//Optional argument name, is a nullable string
                ['name' => JsonSchema::nullOr(JsonSchema::string()->withMinLength(1))]
            )
        )
            //Resolve query with same resolver ...
            ->resolveWith(BuildingResolver::class)
            //... but return an array of Building type
            ->setReturnType(JsonSchema::array(
                JsonSchema::typeRef(Type::BUILDING)
            ));
    }
}

The refactored BuildingResolver looks like this:

<?php
declare(strict_types=1);

namespace MyService\Domain\Resolver;

use EventEngine\DocumentStore\DocumentStore;
use EventEngine\DocumentStore\Filter\AnyFilter;
use EventEngine\DocumentStore\Filter\LikeFilter;
use EventEngine\Messaging\Message;
use EventEngine\Querying\Resolver;
use MyService\Domain\Api\Query;

final class BuildingResolver implements Resolver
{
    /**
     * @var DocumentStore
     */
    private $documentStore;

    public function __construct(DocumentStore $documentStore)
    {
        $this->documentStore = $documentStore;
    }

    /**
     * @param Message $query
     * @return array
     */
    public function resolve(Message $query): array
    {
        switch ($query->messageName()) {
            case Query::BUILDING:
                return $this->resolveBuilding($query->get('buildingId'));
            case Query::BUILDINGS:
                return $this->resolveBuildings($query->getOrDefault('name', null));
        }
    }

    private function resolveBuilding(string $buildingId): array
    {
        $buildingDoc = $this->documentStore->getDoc('buildings', $buildingId);

        if(!$buildingDoc) {
            throw new \RuntimeException("Building not found", 404);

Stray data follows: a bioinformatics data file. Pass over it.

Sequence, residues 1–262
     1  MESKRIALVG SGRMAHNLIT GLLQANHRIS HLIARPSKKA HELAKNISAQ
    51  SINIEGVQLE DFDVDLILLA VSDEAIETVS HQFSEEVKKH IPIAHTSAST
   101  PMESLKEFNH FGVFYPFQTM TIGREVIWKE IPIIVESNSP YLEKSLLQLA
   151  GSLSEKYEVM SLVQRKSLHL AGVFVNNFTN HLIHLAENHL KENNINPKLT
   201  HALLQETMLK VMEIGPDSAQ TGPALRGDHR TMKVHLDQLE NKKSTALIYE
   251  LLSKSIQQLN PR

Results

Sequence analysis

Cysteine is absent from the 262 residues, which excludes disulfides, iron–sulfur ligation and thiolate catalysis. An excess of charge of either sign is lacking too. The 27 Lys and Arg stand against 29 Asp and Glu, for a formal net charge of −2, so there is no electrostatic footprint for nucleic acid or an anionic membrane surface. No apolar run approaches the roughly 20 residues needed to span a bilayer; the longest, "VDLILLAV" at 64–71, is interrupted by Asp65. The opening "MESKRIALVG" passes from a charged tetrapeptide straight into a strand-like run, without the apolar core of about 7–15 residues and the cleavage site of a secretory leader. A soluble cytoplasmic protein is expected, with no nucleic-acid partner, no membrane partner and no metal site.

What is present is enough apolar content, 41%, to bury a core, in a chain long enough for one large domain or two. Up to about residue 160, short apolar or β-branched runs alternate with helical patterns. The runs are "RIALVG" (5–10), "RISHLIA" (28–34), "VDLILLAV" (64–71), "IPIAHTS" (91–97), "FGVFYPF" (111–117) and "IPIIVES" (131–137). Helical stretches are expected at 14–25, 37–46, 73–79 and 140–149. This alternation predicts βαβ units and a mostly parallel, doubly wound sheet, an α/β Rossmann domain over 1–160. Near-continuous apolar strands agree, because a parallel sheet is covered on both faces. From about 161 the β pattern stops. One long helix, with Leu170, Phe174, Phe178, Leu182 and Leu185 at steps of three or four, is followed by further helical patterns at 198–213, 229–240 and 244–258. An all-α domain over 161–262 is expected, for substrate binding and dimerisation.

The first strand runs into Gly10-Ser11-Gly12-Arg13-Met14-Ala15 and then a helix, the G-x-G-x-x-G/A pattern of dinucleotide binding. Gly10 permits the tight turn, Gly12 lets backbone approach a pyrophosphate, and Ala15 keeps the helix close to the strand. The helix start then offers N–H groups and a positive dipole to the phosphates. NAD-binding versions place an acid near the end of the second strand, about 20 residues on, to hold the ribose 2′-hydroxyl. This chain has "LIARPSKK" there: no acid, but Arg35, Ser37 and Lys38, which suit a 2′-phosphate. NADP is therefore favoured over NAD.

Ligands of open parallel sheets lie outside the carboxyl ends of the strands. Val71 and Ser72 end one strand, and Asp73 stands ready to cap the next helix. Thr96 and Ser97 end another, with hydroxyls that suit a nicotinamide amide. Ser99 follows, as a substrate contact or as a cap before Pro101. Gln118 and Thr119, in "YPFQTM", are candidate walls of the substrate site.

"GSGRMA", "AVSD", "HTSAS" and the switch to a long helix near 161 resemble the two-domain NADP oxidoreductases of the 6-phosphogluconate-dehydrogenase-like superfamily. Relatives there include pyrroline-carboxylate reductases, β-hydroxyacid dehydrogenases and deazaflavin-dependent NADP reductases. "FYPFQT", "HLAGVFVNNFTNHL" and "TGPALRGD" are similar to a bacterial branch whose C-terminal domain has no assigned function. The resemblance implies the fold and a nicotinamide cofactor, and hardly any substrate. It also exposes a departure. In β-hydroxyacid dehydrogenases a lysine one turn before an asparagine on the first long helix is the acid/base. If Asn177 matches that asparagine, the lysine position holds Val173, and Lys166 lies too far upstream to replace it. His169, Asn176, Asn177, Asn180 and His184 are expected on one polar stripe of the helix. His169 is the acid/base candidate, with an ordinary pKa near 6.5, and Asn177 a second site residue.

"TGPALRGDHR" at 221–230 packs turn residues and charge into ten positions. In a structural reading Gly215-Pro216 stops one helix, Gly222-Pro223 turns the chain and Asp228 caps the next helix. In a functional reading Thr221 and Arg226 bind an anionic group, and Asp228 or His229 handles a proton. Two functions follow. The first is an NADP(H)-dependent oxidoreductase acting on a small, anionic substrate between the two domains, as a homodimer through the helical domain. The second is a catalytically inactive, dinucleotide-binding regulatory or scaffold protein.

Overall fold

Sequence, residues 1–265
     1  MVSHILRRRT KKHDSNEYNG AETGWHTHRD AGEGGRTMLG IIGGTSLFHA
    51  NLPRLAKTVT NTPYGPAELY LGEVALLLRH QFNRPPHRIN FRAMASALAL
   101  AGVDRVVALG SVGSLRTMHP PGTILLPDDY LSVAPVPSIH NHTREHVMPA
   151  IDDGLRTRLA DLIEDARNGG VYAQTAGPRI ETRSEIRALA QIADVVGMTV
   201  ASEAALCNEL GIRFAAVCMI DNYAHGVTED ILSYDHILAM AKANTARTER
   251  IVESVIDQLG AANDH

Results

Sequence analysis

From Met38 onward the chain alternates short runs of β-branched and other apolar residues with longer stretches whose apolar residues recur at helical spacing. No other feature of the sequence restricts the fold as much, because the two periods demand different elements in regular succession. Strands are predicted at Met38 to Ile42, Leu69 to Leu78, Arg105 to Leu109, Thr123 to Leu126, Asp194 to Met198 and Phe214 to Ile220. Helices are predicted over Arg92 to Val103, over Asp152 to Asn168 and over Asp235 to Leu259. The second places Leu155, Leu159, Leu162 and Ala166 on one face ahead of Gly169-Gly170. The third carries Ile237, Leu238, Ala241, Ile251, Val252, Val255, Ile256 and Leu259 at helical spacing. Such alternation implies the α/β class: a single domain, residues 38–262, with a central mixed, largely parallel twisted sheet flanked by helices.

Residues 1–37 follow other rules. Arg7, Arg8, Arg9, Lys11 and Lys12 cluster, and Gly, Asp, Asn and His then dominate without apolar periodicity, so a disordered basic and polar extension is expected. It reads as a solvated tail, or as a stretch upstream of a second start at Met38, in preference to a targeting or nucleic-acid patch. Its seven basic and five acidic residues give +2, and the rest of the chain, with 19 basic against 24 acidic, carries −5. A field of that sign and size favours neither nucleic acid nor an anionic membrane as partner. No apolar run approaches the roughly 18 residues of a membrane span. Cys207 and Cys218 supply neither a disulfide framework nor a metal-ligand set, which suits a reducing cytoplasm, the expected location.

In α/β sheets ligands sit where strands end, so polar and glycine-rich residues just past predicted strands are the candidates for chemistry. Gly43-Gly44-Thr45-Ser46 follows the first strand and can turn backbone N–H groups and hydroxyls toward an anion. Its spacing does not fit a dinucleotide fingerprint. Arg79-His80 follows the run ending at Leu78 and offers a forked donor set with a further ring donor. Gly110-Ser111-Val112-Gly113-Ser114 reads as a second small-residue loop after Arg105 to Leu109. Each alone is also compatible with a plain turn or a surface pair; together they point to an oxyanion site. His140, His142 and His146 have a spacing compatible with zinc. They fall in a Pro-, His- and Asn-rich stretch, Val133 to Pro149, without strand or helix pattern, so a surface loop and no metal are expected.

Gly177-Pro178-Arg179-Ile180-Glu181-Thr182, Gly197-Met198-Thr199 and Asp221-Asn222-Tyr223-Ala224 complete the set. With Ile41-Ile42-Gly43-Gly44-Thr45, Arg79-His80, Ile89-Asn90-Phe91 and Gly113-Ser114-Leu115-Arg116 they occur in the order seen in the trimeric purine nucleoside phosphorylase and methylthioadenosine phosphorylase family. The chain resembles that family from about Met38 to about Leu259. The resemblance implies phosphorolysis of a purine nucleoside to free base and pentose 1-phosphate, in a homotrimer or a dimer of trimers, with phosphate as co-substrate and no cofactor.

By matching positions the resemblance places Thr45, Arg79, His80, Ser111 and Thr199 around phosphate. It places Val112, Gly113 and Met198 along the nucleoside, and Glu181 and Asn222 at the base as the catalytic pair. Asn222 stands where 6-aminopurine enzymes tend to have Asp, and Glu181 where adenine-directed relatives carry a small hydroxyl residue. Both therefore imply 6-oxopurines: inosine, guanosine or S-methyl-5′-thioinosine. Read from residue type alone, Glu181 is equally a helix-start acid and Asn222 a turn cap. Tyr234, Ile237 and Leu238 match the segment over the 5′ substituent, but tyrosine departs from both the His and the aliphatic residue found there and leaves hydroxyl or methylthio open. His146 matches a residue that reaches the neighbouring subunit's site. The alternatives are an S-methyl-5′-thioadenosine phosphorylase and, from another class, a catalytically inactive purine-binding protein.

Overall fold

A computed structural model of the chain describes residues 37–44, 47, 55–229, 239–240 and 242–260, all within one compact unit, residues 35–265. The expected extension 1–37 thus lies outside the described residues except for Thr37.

}

        return $buildingDoc['state'];
    }

    private function resolveBuildings(string $nameFilter = null): array
    {
        $filter = $nameFilter?
            new LikeFilter('state.name', "%$nameFilter%")
            : new AnyFilter();

        $cursor = $this->documentStore->filterDocs('buildings', $filter);

        $buildings = [];

        foreach ($cursor as $doc) {
            $buildings[] = $doc['state'];
        }

        return $buildings;
    }
}

BuildingResolver can resolve both queries by mapping the query name to an internal resolve* method. For the new Buildings query the resolver makes use of DocumentStore\Filters. The LikeFilter works the same way as a SQL like expression using % as a placeholder. AnyFilter matches any documents in the collection. There are many more filters available. Read more about filters in the docs (@TODO: link docs).

You can test the new query using Swagger. This is an example query with a name filter:

{
  "name": "Acme"
}

Add some more buildings and play with the queries. Try to exchange the LikeFilter with an EqFilter for example. Or see what happens if you pass an empty string as name filter.

Since aggregate state is stored as a snapshot, we need to keep in mind that state is the root property. Nested keys can be referenced using dot notation (f.e. "state.name"). If you don't use the MultiModelStore and create your own read models, then you don't need that snapshot format. But remember: without the MultiModelStore you definitely need to deal with eventual consistency whenever reading data from a read model.

In part VI we get back to the write model and learn how to work with process managers. But before we continue, we should clean up our code a bit. Part V describes what we can improve.